Clinton won 68 percent of the vote in El Paso in 2016, up from Obama’s 65 percent in 2012.

Even as a Democratic stronghold, El Paso has regularly elected Republicans to offices like state representative, county commissioner and justice of the peace. But after this year’s election, El Paso has no Republicans in any partisan elected office in the county. (Republican U.S. Rep. Will Hurd, who represents a small part of El Paso County in a district that stretches to San Antonio, had a slight lead in his race against Democrat Gina Ortiz Jones. Hurd received 19 percent of the El Paso vote.)

 

 

Despite the huge gains in the numbers of younger voters, more growth is possible because voters under 30 continue to turn out at rates far below other age groups. That’s true nationally and has been true for generations. Just over 44 percent of all El Paso County registered voters cast ballots in the 2018; 31 percent of registered voters under 30 came out to vote. That was up from 7 percent turnout for under-30 voters in 2014.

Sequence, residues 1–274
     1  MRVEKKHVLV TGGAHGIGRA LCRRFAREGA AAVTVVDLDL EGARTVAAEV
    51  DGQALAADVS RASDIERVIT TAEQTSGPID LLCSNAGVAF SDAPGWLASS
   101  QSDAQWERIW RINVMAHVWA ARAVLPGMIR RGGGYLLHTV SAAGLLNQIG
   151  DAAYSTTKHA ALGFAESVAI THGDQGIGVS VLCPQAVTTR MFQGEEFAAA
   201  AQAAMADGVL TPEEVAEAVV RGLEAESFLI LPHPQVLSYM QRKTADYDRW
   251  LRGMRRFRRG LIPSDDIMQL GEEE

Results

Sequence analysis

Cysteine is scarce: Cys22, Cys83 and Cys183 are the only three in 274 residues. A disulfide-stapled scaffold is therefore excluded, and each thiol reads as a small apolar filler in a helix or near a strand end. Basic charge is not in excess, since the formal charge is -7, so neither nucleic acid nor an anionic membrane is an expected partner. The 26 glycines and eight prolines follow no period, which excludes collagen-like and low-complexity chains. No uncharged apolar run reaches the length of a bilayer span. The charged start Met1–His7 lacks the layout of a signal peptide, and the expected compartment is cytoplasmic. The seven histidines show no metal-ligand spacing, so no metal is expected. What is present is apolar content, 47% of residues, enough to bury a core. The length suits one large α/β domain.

In the 2016 presidential election, 35 percent of under-30 registered voters in El Paso County cast ballots, up from 31 percent in 2012.

First time voters waiting in line for more than an hour at the UTEP mobile voting station. Photo by Maria Gutierrez, Borderzine.com

In covering the election for El Paso’s ABC-7, the Washington Post and Texas Monthly, I interviewed a number of younger voters, many casting their first ballot ever. Two common themes emerged in those interviews: excitement about O’Rourke’s candidacy, and concern about the status of Latinos in the age of Trump. Those concerns often overlapped, with younger voters seeing O’Rourke as the antidote to Trumpism. Here is some of what I heard:

Alexandria Urbina,18, freshman at the University of Texas at El Paso: “This election is Texas’ chance to vote out incumbents who’ve done little to progress our great state and have in fact pushed for legislation which is retrogressive in the way of women’s health, transgender rights, and gun control to name a few. These hot issues, which are expressly meaningful to millennials and Gen X, makes it all the more critical for young voters to take action by getting to the polls and making informed votes for the future of Texas.”